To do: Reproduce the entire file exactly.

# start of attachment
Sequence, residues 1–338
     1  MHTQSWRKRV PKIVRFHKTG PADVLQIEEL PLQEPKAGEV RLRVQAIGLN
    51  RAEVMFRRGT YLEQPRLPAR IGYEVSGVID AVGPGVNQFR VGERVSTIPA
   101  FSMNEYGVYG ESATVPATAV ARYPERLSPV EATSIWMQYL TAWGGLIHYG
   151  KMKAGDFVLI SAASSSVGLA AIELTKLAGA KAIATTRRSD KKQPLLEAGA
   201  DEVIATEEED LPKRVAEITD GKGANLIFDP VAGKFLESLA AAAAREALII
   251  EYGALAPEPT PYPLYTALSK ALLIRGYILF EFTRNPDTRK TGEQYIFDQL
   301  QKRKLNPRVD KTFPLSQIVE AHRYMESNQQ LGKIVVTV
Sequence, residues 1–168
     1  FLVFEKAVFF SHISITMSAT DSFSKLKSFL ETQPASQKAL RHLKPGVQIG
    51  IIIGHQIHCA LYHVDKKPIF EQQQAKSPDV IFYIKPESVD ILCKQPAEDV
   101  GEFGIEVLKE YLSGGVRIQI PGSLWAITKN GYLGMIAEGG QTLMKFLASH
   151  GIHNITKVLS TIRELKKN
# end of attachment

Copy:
Sequence, residues 1–338
     1  MHTQSWRKRV PKIVRFHKTG PADVLQIEEL PLQEPKAGEV RLRVQAIGLN
    51  RAEVMFRRGT YLEQPRLPAR IGYEVSGVID AVGPGVNQFR VGERVSTIPA
   101  FSMNEYGVYG ESATVPATAV ARYPERLSPV EATSIWMQYL TAWGGLIHYG
   151  KMKAGDFVLI SAASSSVGLA AIELTKLAGA KAIATTRRSD KKQPLLEAGA
   201  DEVIATEEED LPKRVAEITD GKGANLIFDP VAGKFLESLA AAAAREALII
   251  EYGALAPEPT PYPLYTALSK ALLIRGYILF EFTRNPDTRK TGEQYIFDQL
   301  QKRKLNPRVD KTFPLSQIVE AHRYMESNQQ LGKIVVTV
Sequence, residues 1–168
     1  FLVFEKAVFF SHISITMSAT DSFSKLKSFL ETQPASQKAL RHLKPGVQIG
    51  IIIGHQIHCA LYHVDKKPIF EQQQAKSPDV IFYIKPESVD ILCKQPAEDV
   101  GEFGIEVLKE YLSGGVRIQI PGSLWAITKN GYLGMIAEGG QTLMKFLASH
   151  GIHNITKVLS TIRELKKN